A pilots' war
No 62 Squadron RFC, France February-March 1918
The Squadron left St. Omer for Serny Aerodrome on the 1st February 1918. At Serny work commenced, initially with the Squadron conducting practice patrols typically in flights of six aircraft. The first balloon patrol took place on the 17th February 1918, the first line patrol on the 25th February, and the first offensive patrol (in exceptionally heavy wind) on the 1st March 1918.
It became clear at the beginning of March that the Germans were going to attack on the St.Quentin front, the whole of the 9th Wing, to which 62 Squadron belonged, proceeded to Villers Bretonneux, Cachy, and Champien aerodromes. No. 62 Squadron was stationed at Cachy [SE of Amiens - see map], and carried out Offensive patrols. It was here that the exceptionally heavy work carried out by the Squadron during the enemy's offensive, commenced. The Germans started to react to the British patrols on 10 March and 62 Squadron patrols (usually six aircraft) recorded their first main claims for destruction of EA - six on that day including those driven down out of control (OOC). This continued on 11 March with two further claims.
62 Sqn Bristol Fighters setting off, Capt. Staton MC's aircraft in foreground.
The first casualties for the Squadron were reported on 12th March, when the Patrol Commander Capt. D S Kennedy MC, and three other pilots and crews of a nine aircraft patrol were brought down. Capt. Kennedy, flying with Lt. H S Gill as observer (B1247) was attacked by a large formation of EA and his machine was brought down in flames. The whole of his flight became engaged, in a "dog fight" and three other aircraft failed to return. These were Lt.s Fenton and Boyce (B1250), Lt. Clutterbuck and 2/Lt. Sparks (B1251), and Lt. Ferguson and Sgt Long all of whom were taken prisoner. Two enemy aircraft were claimed on that date as having been destroyed or brought down out of control. Though they didn't know it at the time, this engagement was against Jagdstaffel 11, Richthofen's Squadron and part of his JG 1 Flying Circus.
The Squadron met the Circus again the next day (13th March) as recorded below in RFC Communiqué 131. Near the end of a patrol Capt. Geoffrey Hughes the Patrol Commander, having sighted a German formation, sought to draw them away from the bombing mission his patrol were covering (25 and 27 Sqns). However one of his formation dived on part of the enemy formation. Capt. Hughes was forced to commit the 11 aircraft patrol to action, against his better judgement. Numbers favoured their opponents and 2/Lt. Allen and Lt. Watson (B1207) were shot down in the engagement, the former being KIA, the latter taken prisoner; 2/Lt. N B Wells and Lt. G R Crammond, were also shot down and taken prisoner. Hughes and his observer Capt. Claye were credited with one EA destroyed; this aircraft as it turned out, was piloted by Lothar Von Richthofen, brother of Manfred. Five other EA were claimed though this seems to have been exaggerated in the confusion of the action. (A patrol of No 73 Squadron (Camels) was also in action with the Circus and Capt. Orlebar was jointly credited with LvR's demise.)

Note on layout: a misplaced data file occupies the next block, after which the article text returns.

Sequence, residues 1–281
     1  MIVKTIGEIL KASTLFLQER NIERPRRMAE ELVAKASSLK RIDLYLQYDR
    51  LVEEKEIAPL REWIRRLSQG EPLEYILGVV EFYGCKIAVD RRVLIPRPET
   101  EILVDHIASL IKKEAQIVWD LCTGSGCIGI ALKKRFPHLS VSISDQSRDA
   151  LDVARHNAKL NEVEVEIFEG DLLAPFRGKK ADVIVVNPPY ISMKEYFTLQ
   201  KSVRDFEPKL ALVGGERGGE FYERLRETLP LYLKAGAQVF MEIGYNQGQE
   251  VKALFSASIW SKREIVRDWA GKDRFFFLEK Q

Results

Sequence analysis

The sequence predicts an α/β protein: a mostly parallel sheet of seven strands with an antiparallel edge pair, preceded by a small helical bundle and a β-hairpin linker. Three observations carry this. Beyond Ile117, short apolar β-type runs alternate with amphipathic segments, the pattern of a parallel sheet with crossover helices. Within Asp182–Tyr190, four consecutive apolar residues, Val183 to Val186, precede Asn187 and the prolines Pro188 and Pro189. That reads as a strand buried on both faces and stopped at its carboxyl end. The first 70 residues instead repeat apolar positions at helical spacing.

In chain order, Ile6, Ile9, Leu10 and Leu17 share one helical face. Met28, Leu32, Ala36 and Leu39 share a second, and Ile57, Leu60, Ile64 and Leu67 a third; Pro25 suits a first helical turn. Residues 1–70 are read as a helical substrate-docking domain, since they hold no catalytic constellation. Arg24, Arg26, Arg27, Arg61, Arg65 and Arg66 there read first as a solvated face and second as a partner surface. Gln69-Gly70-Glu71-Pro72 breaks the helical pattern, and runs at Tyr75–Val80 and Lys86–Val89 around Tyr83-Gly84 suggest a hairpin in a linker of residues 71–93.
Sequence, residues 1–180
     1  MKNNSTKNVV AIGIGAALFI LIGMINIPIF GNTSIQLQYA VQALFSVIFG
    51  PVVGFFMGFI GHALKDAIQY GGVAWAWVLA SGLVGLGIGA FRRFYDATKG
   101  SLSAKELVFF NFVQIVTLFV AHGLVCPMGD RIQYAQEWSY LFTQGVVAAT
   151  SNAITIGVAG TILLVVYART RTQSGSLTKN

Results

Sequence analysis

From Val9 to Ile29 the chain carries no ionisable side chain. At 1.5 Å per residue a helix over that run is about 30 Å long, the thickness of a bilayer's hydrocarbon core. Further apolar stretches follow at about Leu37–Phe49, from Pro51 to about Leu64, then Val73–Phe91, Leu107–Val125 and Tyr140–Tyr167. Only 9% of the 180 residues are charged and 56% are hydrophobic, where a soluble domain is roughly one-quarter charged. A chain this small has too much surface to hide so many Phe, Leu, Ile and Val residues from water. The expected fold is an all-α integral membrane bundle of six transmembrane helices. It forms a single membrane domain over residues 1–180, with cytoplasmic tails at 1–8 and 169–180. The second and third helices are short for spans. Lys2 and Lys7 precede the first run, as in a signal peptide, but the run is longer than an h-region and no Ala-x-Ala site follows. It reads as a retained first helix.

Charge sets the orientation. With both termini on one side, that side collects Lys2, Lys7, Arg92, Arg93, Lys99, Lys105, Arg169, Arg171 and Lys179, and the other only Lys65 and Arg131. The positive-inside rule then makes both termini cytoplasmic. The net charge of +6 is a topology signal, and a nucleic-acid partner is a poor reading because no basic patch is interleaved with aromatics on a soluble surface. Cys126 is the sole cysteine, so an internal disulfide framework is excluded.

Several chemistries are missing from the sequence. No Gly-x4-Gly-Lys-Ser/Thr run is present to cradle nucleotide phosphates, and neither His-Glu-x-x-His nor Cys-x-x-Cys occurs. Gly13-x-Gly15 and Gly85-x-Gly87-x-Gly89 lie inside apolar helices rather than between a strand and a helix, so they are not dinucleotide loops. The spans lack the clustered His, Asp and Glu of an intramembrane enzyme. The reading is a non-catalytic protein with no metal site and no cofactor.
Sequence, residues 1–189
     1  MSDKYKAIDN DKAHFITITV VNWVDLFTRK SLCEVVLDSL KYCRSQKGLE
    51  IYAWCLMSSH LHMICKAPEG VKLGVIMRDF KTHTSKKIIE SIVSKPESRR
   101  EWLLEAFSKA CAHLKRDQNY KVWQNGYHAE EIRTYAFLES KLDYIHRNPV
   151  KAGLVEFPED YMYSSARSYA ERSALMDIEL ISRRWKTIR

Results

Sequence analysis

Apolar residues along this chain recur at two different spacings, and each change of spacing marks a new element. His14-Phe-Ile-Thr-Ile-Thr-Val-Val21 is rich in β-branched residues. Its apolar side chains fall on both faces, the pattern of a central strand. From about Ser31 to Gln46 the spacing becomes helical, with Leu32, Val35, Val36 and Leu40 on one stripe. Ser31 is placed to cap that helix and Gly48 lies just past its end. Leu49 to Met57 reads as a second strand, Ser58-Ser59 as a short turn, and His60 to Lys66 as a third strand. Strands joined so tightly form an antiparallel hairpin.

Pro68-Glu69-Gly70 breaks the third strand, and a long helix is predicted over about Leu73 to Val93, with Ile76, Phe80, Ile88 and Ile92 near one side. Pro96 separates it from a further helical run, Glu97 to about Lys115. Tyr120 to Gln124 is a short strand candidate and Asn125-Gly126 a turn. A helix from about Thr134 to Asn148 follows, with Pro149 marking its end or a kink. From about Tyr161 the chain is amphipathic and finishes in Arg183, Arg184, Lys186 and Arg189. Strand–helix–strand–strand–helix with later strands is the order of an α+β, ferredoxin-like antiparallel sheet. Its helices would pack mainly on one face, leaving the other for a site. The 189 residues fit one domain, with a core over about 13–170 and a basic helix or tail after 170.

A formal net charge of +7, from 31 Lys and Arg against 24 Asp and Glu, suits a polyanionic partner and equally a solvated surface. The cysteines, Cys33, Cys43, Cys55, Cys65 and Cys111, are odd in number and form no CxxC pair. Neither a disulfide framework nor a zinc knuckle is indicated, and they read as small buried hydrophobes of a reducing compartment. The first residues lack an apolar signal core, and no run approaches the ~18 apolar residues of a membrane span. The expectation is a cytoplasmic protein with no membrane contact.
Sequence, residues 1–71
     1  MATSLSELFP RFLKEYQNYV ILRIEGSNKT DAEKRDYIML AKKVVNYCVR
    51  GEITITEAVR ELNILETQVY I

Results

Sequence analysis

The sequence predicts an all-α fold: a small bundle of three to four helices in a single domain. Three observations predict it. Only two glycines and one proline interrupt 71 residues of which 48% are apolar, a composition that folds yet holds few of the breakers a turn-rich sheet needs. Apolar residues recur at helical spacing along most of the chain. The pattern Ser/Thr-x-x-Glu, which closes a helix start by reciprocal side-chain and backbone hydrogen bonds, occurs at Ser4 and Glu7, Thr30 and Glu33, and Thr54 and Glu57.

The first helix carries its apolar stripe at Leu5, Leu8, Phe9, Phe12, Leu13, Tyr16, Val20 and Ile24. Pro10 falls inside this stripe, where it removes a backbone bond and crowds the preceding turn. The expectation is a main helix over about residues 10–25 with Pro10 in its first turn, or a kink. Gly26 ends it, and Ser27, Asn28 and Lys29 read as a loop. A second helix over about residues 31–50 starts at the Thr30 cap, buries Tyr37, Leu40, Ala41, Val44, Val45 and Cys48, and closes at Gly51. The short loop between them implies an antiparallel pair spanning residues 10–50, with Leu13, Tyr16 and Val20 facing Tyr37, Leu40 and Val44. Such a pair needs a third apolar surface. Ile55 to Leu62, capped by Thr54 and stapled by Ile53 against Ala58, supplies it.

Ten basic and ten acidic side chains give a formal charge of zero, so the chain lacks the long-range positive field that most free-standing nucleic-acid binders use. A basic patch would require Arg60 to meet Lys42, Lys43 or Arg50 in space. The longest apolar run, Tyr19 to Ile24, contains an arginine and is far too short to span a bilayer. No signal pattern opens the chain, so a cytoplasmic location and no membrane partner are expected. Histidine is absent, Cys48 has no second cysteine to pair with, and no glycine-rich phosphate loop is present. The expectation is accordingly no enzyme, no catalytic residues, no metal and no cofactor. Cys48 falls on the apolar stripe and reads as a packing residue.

After March 21st, when the Germans broke through the Fifth Army Front, the squadron was required to carry out ground strafes, with as many as four different "strafes" taking place on the same day at vital points, and along vital roads. Although many thousands of rounds were fired during these patrols, only one machine (B1267) of the Squadron failed to return, that of Lt. A R James and Lt. J M Hay, who were KIA on the 24th March 1918.
On the 25th March, owing to the German advance toward Villers Bretonneux, Cachy aerodrome was abandoned, and the squadron moved to Remaisnil, near Doullens, where a further 4 days' trench strafing was carried out by the Squadron in the very worst of weather - generally incessant rain and heavy mist. Lt. Cleary and 2/Lt. Stanton (B1211) were brought down on 28 March the former KIA, the latter DOW the following day. AMI Boxall DOW the same day. Pilots 2/Lt. H N Arthur and 2/Lt. S W Symons were seriously injured but managed to fly home - the latter assisted by his Observer Sgt. W N Holmes. Observers Lt. H Merritt and Cpl. J Borwein were also injured. IX Brigade records show that 62 Sqn fired 19,500, 19,700, 16,450, 3,600 and 9,000 rounds at ground targets on 26, 27, 28, 29 and 30 March respectively. The Squadron moved to Planques on 29 March reducing operational activity.
In these two weeks in March, the Squadron had lost 24 aircrew killed, wounded or taken prisoner - an inexperienced squadron confronting some of the German Air Service's best units.
(62 Sqn Photos from Major F W Smith's collection © www.airwar1.org.uk.)
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